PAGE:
The Challenges of Frame Builders Risk
The builders risk market remains a tale of two sides: the non-combustible marketplace remains competitive and steady, however, the wood frame market continues to present challenges.
Over the last few years, rates have increased exponentially to keep pace with losses. The inability to turn a profit has driven insurance carriers to exit the frame builders risk market altogether. Increased costs of construction have led to insurance limits greater than in the past and labor shortages have left timelines stretched. All of these conditions have created the perfect storm.
With the exodus of carriers, there are a limited number of insurance companies willing to entertain frame builders risk and those that will often struggle to insure the entire project, looking instead for a shared approach with multiple carriers.
For those handful of markets that will continue with the underwriting process, each submission is carefully underwritten, and additional underwriting materials (more than in the past) must be received in order to be moved up to the top of the pile. Markets are applying increased deductibles, along with strict security requirements that must be factored into the cost of the project.
As an owner or contractor begins to think about wood frame construction, careful consideration should be placed on how to best prepare for the questions and requirements that many insurance companies are pressing. Now more than ever, it’s important to engage your insurance broker early and often throughout the development to ensure the most optimal results.
Key concerns to address for frame builders risk
It’s no secret that a building under construction or renovation are particularly susceptible to loss. Buildings under construction have a greater potential for significant damage from fire, theft, and exposure to the elements. Underwriters are stressing the importance of how the job site procedures plan to address these concerns, and, in some cases, will not provide a quote without written plans and policies.
Obtaining your best results will require all parties to be able to provide plans for the following:
- Fire exposure and controls – Carriers will request a safety procedure for hot works, along with information on the smoking policy, how good housekeeping will be maintained throughout the jobsite, as well as proximity to water supply and fire departments. Written plans are well received.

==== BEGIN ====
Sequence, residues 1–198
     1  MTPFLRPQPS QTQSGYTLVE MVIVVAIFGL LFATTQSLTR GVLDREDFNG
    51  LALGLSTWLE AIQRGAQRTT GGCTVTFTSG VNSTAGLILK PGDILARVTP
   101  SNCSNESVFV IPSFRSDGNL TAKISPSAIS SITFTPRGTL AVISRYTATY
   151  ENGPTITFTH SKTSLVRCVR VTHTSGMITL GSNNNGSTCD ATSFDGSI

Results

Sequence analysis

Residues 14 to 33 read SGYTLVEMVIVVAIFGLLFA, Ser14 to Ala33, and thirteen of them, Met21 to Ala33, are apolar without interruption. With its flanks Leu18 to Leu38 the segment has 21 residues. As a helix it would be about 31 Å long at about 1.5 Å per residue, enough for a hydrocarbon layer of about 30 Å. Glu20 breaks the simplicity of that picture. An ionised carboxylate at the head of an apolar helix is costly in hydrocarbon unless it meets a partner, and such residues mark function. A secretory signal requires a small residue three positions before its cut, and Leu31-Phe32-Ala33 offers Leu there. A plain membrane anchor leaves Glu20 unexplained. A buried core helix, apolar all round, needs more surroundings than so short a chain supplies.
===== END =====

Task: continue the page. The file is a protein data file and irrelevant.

- Water damage – Many water damage losses occur after the systems are installed and pressurized. It’s important to provide information on how you will verify that the connections are tight and no leaks will occur from pressure testing. For projects of a certain size, many carriers have mandated water flow monitoring systems to help mitigate losses.
- Contractor selection – The contractor selection process should consider the experience necessary for the project to be complete. Oftentimes, the builders risk carrier will require information surrounding any prior builders risk losses and how those issues have been addressed moving forward.
- Protective safeguards surrounding the jobsite – What sort of security will be in place on the jobsite? Many of the catastrophic fire losses sustained by insurance companies have been from arson, creating carriers to place a large emphasis on site security. At the very least, most carriers will require the project to install fencing and lighting and require materials to be secured after hours. For projects of a certain size or exposure, various other conditions may need to be met, such as an electronic surveillance system and/or a security guard service.
- Project timeline – Extensions to current builders risk policies are difficult, even for jobsites that have not experienced a loss. It’s important that all parties maintain an open line of communication on when the project can expect to be complete.
The frame builders risk market doesn’t show any signs of slowing down, and the challenges that exist today will remain to be the challenges for the foreseeable future. A proactive approach and consistent conversation between the owner, contractors, lenders, and insurance broker are key to navigating this hard market.
This article was previously published in the Daily Reporter magazine.